Measured, meticulous, occasionally maverick and often magical, Stephen Hough’s eagerly anticipated Beethoven Piano Concertos cycle doesn’t disappoint. Marrying interrogative insight and interpretative individuality, it delivers vital, vivacious accounts that capture the grandeur and gravity, poetry and pathos, wit and finesse of these remarkable works.
Presented in chronological sequence, Beethoven’s shifting away from the two early Mozart-influenced concertos towards a language and style that is all his own is mapped out with all the sure-footed, fleet-fingered agility of a pianist whose depth of feeling for the music is matched by his ability to cast revealing new light on familiar landscapes.
There’s a sense of rightness about the choices Hough and Hannu Lintu at the helm of the dazzling Finnish Radio Symphony Orchestra make. Immediately evident is a becoming spaciousness in tempi that err more often than not on the side of moderation. The creative lebensraum that results allows the fullest exploration of the supple give and take between piano and orchestra. It’s especially noticeable in the contrasts between introspection and exuberance, gracefully radiant slow movements discretely carving out space for moments of declamatory, Beethovenian profundity.
With its ringing clarity, responsive speed and brilliance, Hough’s choice of a modern Bösendorfer Vienna Concert piano pays huge dividends in spotlighting one telling detail after another. It’s an exhilarating journey from the spry crispness of the first two Mozartian concertos, where tempi are allowed freer rein with Hough’s own B Flat cadenza in the Second a typically telling intervention, through the astonishing arc from tragedy to triumph that is the Third and striking chiaroscuro contrasts of the Fourth to culminate in the monumental splendour of the Emperor.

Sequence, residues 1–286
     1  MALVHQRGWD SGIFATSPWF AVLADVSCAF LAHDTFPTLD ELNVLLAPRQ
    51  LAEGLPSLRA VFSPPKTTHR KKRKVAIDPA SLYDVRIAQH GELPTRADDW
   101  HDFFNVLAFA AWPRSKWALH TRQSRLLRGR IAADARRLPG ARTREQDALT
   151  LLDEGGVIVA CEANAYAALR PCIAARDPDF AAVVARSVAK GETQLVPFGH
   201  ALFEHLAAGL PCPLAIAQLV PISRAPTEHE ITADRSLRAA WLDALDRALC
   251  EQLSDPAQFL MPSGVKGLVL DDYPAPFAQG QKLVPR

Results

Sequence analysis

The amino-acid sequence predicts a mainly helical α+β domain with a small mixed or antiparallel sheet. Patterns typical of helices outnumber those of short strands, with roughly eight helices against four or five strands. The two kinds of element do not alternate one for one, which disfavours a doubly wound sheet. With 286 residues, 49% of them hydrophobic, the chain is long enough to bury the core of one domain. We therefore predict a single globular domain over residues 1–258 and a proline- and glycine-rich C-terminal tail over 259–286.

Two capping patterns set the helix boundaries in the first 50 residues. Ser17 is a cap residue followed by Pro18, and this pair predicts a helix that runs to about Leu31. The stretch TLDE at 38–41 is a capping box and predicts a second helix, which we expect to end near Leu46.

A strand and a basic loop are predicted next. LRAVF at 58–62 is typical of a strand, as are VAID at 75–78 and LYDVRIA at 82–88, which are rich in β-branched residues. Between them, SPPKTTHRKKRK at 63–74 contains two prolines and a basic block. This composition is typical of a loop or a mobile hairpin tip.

The Third is negotiated with an inexorable poetic logic framed by equally considered orchestral playing to stake its claim as the first authentically Romantic piano concerto. The pivotal Largo is achingly lyrical, hauntingly still.
Hough has described the questing, other-worldly turbulence of the Fourth as “Beethoven’s ‘What if?’ concerto”. He responds to it with unabashed conviction in the rightness of the dominance the piano assumes, arpeggiating its opening chord to assert independence from the orchestra from the off. It’s a conceit that appositely lays the ground for a Fifth in which brio and brilliance are artfully, exquisitely balanced. Hough is nowhere more poised and precise than here, Lintu and his compatriot Finns responding with becoming fleetness and flair.
Barry Cooper’s booklet notes are icing on the cake, Hyperion’s recorded sound, in Helsinki’s Music Centre, exemplary. Expect gongs aplenty when this year’s awards come around.